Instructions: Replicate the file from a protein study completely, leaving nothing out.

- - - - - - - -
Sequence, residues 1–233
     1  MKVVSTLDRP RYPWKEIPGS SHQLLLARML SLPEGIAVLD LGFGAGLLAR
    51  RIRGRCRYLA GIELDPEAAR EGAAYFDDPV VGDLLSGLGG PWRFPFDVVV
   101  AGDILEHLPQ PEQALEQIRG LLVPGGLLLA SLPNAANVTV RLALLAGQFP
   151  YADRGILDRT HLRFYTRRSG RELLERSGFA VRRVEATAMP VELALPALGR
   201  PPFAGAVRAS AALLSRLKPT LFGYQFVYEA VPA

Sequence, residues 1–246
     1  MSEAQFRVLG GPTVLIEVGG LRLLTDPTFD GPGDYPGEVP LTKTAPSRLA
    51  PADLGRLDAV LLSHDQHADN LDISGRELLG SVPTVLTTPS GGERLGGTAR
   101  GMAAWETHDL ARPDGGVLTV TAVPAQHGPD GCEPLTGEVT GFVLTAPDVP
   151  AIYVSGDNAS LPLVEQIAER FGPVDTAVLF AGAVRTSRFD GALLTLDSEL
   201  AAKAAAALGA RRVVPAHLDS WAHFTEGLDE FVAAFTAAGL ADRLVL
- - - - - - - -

Sequence, residues 1–233
     1  MKVVSTLDRP RYPWKEIPGS SHQLLLARML SLPEGIAVLD LGFGAGLLAR
    51  RIRGRCRYLA GIELDPEAAR EGAAYFDDPV VGDLLSGLGG PWRFPFDVVV
   101  AGDILEHLPQ PEQALEQIRG LLVPGGLLLA SLPNAANVTV RLALLAGQFP
   151  YADRGILDRT HLRFYTRRSG RELLERSGFA VRRVEATAMP VELALPALGR
   201  PPFAGAVRAS AALLSRLKPT LFGYQFVYEA VPA

Sequence, residues 1–246
     1  MSEAQFRVLG GPTVLIEVGG LRLLTDPTFD GPGDYPGEVP LTKTAPSRLA
    51  PADLGRLDAV LLSHDQHADN LDISGRELLG SVPTVLTTPS GGERLGGTAR
   101  GMAAWETHDL ARPDGGVLTV TAVPAQHGPD GCEPLTGEVT GFVLTAPDVP
   151  AIYVSGDNAS LPLVEQIAER FGPVDTAVLF AGAVRTSRFD GALLTLDSEL
   201  AAKAAAALGA RRVVPAHLDS WAHFTEGLDE FVAAFTAAGL ADRLVL